Some obvious policy changes will have to be made—and within the next few years—to ensure optimisation of carbon space. The Centre and the states will have to work together in doing this, as many such initiatives will fall in the domain of the states. A national strategy will also require a consensus across political coalitions. For instance, one of the obvious ways to reduce carbon intensity faster will be to rationalise over $40 billion of annual energy subsidies given in the name of the poor. Will the political class have the courage to end this hypocrisy by telling the growing middle class that it will have to give up large parts of these subsidies, which it receives in the name of the poor?

Similarly, will the middle class be willing to pay higher electricity costs on account of setting up coal washeries at the mining pitheads to reduce carbon emissions from coal-fired power? The super-critical power plants will also help in reducing the intensity of emissions, but could cost more. The overall reform of the coal sector is a must to optimise carbon space for the benefit of the poor. Urban transport will have to be restructured with a much greater accent on mass transport. Will the middle class help build a political consensus on this? Taxes and other policy measures may have to be imposed to discourage use of excessive private transport. These are all critical questions that cannot be answered unless a national strategy based on a broad political dialogue between various constituencies emerges. The UPA, therefore, has a critical task at hand and does not have much time going by the trajectory of the climate change negotiations. We don’t even have the luxury of debating these issues endlessly, as is our wont.

There must be a focused national debate on how the next 700 million people will consume a minimum required quantum of electricity, cooking gas, diesel, petrol etc. For India, climate change negotiations are largely about how it manages the energy intensity of future growth.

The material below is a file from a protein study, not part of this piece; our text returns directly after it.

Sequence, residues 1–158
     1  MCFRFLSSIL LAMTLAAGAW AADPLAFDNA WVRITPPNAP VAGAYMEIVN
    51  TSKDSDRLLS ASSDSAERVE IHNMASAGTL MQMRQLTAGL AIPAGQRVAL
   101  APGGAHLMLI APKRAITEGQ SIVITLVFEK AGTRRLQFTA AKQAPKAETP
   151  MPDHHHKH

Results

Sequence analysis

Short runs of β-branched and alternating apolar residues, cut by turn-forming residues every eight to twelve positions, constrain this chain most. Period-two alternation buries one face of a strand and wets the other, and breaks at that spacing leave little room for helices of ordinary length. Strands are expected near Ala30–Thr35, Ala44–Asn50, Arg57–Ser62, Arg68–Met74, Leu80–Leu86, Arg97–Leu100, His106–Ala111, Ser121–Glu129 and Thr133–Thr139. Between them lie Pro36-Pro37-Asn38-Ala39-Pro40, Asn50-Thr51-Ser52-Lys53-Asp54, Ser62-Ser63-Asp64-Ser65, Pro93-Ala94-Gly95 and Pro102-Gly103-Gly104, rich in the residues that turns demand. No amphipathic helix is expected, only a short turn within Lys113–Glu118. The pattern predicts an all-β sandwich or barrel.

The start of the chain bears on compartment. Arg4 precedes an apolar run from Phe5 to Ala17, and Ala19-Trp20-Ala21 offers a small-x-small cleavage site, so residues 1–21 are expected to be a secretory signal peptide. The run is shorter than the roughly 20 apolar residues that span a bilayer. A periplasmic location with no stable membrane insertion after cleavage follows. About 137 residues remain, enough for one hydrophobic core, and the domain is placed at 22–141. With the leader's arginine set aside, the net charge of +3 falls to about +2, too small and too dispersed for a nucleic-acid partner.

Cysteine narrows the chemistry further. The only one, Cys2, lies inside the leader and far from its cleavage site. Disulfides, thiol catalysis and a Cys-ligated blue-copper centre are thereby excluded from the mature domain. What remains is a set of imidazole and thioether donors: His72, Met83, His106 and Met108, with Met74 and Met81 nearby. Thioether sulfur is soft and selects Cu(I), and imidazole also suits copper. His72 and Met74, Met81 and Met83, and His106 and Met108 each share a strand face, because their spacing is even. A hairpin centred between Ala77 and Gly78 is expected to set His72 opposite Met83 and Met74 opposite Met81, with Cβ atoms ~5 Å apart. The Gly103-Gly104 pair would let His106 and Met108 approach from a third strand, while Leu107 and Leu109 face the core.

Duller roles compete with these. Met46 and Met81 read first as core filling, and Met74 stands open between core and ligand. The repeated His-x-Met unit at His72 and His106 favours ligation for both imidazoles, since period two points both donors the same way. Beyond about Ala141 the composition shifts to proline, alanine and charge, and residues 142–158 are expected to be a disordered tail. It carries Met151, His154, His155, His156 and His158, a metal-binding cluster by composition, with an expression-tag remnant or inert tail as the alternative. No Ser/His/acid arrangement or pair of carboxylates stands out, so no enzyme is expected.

According to a minimal required growth scenario projected by the Observer Research Foundation (ORF), the following will be the installed electric power capacity by 2032: 3,00,000 mw of coal-fired power, 40,000 mw of nuclear power, 1,05,000 mw of combined cycle gas turbine generated power, and 90,000 mw of hydroelectric power.

To support this capacity, India will need to annually import 300 million tonnes of coal (in addition to producing 1,000 million tonnes of domestic coal), 400 MMSCMD of natural gas (if domestic production remains at 100 MMSCMD because of no major finds), 5.3 million barrels per day of crude oil (88% of total), in addition to domestic production of 0.7 million barrels per day, and uranium for about 25 gw of light water nuclear reactors.

To secure the energy supplies as projected above, India will need $0.7 trillion in capital investment for new generation capacity over the next 23 years, about $1 trillion for transmission and distribution infrastructure, and about $234 billion per year to import fuel by 2032. Given these enormous tasks, India cannot give emission peaking commitments at Copenhagen at this stage. However, it has no option but to proactively transform its own national strategy to move towards a carbon optimal economy, which is fair and equitable within the domestic context. This cannot wait for another day.